Tommy’s over the hill, but business is great

Home > Culture > Features

print dictionary print

Tommy’s over the hill, but business is great

Here’s the real highlight of what went on behind the scenes at Tommy Hilfiger’s 20th year anniversary fashion show: Tommy Hilfiger acted like Tom Cruise, and not in a Top Gun way. Just like Mr. Cruise jumping around on a couch on national TV, Mr. Hilfiger’s prancing in front of the Korean media got a lot of people talking.
With Queen’s song “We are the Champions” pumping out of the speakers and the designer sporting a glittering Rolling Stones “tongue” T-shirt, Mr. Hilfiger closed his Asian tour acting like a rapturous rock star at a packed stadium. He galloped along the runway with his blond locks flying and then flung his red jacket off into the audience, most of whom appeared to be wondering, “What was that for?”
The designer’s personal frenzy continued at the post-party at Kitchen, the posh hotel restaurant where only a handful of industry professionals were admitted. Surprised by the emptiness of the floor at the “strictly invitation-only” event, Mr. Hilfiger’s entourage asked the local party organizer to fill in the restaurant by having hotel guests join the gyrating fashion designer.
“I’m 54 but feel like 21!” Mr. Hilfiger shouted. Undeterred and in party mode, he tried to work a few yoga stretches into his rock n’ roll dance moves. The camera crew liked it, but everyone else crossed their arms and watched the prancing for a while before leaving out of boredom.
Mr. Hilfiger’s stay in Korea was the last leg of his Asian tour, on a mission to “spread his fashion,” which kicked off on Sept. 16 in Shanghai, and moved through Hong Kong and Tokyo.
His mega-business in the United States may have peaked after years of celebrity-endorsed campaigns, but in Asia, the brand’s licensing has been expanding.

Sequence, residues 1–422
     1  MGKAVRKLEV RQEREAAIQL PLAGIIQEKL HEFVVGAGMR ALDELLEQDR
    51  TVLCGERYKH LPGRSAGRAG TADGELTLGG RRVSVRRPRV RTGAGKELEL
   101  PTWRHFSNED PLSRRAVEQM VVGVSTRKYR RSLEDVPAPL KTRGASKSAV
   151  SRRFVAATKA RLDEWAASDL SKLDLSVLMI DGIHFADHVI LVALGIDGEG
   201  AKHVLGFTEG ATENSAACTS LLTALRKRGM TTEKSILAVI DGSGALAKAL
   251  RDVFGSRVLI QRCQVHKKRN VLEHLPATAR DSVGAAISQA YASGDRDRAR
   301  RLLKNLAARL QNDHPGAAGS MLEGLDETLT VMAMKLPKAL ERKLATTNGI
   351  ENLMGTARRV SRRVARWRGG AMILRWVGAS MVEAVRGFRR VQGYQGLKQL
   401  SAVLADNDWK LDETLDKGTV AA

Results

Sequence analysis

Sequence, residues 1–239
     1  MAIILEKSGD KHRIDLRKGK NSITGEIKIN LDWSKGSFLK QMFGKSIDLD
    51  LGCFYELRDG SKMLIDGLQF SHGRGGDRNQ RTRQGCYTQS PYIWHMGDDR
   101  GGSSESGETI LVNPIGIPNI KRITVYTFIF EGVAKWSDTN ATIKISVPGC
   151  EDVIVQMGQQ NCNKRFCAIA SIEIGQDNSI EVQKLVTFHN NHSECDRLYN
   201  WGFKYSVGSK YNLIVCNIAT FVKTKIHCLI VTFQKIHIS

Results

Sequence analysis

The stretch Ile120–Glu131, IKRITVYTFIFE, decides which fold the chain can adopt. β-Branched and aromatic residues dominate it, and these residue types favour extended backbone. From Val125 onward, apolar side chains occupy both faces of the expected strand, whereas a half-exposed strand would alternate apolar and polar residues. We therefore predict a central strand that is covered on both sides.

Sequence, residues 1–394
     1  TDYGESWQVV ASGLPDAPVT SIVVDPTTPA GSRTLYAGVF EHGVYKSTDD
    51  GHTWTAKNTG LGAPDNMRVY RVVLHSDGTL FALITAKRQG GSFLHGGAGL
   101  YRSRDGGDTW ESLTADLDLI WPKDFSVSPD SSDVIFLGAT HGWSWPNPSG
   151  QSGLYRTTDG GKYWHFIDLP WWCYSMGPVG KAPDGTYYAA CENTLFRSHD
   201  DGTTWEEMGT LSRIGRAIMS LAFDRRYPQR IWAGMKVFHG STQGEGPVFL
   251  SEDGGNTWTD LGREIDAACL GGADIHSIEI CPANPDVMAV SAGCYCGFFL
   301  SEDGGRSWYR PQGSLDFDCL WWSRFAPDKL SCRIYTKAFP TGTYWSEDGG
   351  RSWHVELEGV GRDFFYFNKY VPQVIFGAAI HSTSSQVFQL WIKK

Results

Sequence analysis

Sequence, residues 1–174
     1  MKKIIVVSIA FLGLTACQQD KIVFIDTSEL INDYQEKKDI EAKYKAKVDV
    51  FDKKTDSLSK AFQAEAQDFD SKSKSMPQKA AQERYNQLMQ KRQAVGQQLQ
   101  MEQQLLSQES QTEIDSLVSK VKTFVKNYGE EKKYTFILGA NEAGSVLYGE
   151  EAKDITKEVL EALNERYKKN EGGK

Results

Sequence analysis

That Mr. Hilfiger started off over 20 years ago with a meager $150 and 20 pairs of jeans seems impossible, given the brand’s Everest-high sales figure in the Korean market this year of a whopping 75 billion won ($75 million). That’s an almost 2,500 percent increase in sales, according to the brand manager, from its launch in August 2003, when the first store opened on a fashionably pulsating street in Apgujeong-dong in southern Seoul.
Tommy Hilfiger currently has 102 stores nationwide, and the number will surge again when “Tommy Hilfiger Kids” opens early next year. Except for the golf line, Mr. Hilfiger’s main lines, including men’s, women’s, jeans and some of the “H” line, are sold here.
Despite such impressive numbers, SK Networks, the Korean partner of Tommy Hilfiger, is looking to do more than just make big money, said Son Moon-kook, the head of Fashion Business Division of SK Networks.
“SK Networks specializes in marketing,” Mr. Son says, “One of our goals has been to have direct contact with retail consumers.”
That seems to mean spreading Korean style around the world. Mr. Son plans to start a Korean brand marketed overseas. His experience with Tommy Hilfiger and DKNY (whose Korean affiliate will launch in January) has contributed to SK Networks’ expertise in international marketing.
Already, SK Networks has been supporting Ekjo, a Paris-based Korean fashion brand to be distributed in the United States and China, then later reverse-imported to Korea ― because Koreans prefer things American.
Mr. Hilfiger, however, says that these days, “American style is global.” His commemorative collection in Korea was limited to a throwback to the affluent, sunshine ’80s of America, in all its preppiness.

by Ines Cho
Log in to Twitter or Facebook account to connect
with the Korea JoongAng Daily
help-image Social comment?
lock icon

To write comments, please log in to one of the accounts.

Standards Board Policy (0/250자)